“Real Stories, Real Impact” was the theme of the Center for Social Media’s sixth-annual Making Your Media Matter conference, held May 12 at American University’s Katzen Arts Center.
While a little snow—okay, a whole lot of snow—shifted the conference from its usual winter timeslot until spring, nothing could keep filmmakers and media mavens from around the world from attending.
The Center for Social Media, housed in the School of Communication, is directed by Patricia Aufderheide. Both Aufderheide and the center are at the forefront of investigating, showcasing, and setting standards for socially engaged media-making.
“This is my favorite festival because, after all, we’re playing with people’s lives and people’s images,” George Stoney, a production and media theory professor at NYU who’s known as the “Godfather of Cable Access,” said in his conference-opening remarks. “We have to take that very seriously. I’m pleased that Pat’s organization has worked very hard on the ethics of what we’re doing. It’s extremely important.”
The day’s events included workshops, speakers, panel discussions, networking, and idea sharing.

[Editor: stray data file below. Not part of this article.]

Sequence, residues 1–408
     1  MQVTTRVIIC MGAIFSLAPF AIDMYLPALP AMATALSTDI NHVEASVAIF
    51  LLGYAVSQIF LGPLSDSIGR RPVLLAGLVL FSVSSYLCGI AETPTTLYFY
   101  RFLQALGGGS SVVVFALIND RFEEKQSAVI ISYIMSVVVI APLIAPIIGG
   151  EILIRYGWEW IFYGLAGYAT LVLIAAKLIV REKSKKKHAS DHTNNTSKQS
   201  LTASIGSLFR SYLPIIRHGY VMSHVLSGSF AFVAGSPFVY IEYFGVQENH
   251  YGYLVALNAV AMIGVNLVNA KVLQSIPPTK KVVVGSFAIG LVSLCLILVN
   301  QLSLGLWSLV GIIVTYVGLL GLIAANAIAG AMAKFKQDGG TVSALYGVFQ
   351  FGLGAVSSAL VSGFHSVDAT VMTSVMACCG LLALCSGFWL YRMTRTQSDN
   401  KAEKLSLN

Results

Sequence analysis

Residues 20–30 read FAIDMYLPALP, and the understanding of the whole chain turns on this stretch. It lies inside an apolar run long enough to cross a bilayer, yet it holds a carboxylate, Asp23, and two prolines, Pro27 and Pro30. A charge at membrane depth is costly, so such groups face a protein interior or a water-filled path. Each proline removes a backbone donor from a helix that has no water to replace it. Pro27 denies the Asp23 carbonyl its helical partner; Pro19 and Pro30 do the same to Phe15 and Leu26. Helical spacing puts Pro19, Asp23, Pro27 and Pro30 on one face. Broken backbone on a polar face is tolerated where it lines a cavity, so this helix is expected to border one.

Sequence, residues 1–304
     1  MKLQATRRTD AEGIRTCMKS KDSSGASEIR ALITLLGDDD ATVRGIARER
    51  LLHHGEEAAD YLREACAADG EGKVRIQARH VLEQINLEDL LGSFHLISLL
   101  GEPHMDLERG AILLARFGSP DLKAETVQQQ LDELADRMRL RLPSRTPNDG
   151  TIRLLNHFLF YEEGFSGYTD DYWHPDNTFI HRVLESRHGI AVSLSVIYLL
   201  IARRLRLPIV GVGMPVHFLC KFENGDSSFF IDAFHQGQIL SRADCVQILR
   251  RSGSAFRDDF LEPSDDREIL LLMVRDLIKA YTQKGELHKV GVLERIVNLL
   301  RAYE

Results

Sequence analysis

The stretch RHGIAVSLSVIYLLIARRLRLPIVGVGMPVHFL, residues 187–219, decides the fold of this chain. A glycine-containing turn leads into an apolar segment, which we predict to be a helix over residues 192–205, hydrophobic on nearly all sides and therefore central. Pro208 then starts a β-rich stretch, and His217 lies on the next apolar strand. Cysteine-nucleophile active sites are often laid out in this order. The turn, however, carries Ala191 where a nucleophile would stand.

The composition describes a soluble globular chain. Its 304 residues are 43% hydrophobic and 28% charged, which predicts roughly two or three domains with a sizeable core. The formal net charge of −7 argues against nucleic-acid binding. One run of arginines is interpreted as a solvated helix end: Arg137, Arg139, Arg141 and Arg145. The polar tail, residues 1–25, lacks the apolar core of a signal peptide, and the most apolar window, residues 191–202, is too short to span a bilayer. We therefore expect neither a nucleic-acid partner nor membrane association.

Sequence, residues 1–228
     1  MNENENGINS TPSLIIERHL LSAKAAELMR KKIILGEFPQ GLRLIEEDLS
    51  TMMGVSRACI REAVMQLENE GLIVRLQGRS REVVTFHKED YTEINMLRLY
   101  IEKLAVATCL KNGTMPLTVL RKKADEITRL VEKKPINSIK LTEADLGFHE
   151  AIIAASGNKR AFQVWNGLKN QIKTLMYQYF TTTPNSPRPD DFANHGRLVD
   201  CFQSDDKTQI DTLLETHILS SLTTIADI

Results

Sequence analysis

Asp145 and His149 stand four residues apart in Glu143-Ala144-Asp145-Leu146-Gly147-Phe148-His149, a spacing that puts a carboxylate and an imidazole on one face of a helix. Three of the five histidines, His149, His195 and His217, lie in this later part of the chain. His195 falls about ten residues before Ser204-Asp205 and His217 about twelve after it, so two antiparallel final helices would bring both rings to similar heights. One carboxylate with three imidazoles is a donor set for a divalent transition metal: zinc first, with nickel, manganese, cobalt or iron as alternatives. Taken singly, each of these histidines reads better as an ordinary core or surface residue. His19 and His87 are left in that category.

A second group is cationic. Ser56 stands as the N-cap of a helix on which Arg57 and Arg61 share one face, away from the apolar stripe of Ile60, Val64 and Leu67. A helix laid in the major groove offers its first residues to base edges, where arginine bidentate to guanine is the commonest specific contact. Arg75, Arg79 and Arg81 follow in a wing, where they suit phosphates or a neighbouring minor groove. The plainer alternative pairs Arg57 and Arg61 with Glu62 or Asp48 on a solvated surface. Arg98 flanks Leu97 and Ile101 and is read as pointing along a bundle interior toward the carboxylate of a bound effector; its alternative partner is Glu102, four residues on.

“I really love Making Your Media Matter because it’s a day where amazing people from all over the place get to meet each other,” Aufderheide said.
The keynote speakers were Pamela Yates and Paco de Onis, who along with Peter Kinoy form Skylight Pictures, which for a quarter century has made documentaries on human rights and the quest for justice.
“We find that when we make our films [there’s] one specific story, but we keep in mind that the underlying universal themes of the film can have great impact on [wider] audiences,” said Yates, who directs the movies. “The reason we make these films is to get them out there.”
Skylight’s most critically-acclaimed works include State of Fear, which examined Peru’s fight against terrorism under President Alberto Fujimori. Viewed by many as a cautionary tale of government gone-too-far, the documentary had a major impact in South America where it was credited with swaying public opinion. Eventually Fujimori was convicted of human rights violations and sent to jail.
Its latest movie, The Reckoning, focuses on the birth of the International Criminal Court. Shot on four continents in six languages, it was an official selection at last year’s Sundance Film Festival.
“The Reckoning is a flagship for many other things we want to do,” said Yates, who also helped start IJCentral.org, a Web site at the core of a campaign to build global public awareness of the International Criminal Court. “The broadcast is just the opening salvo.”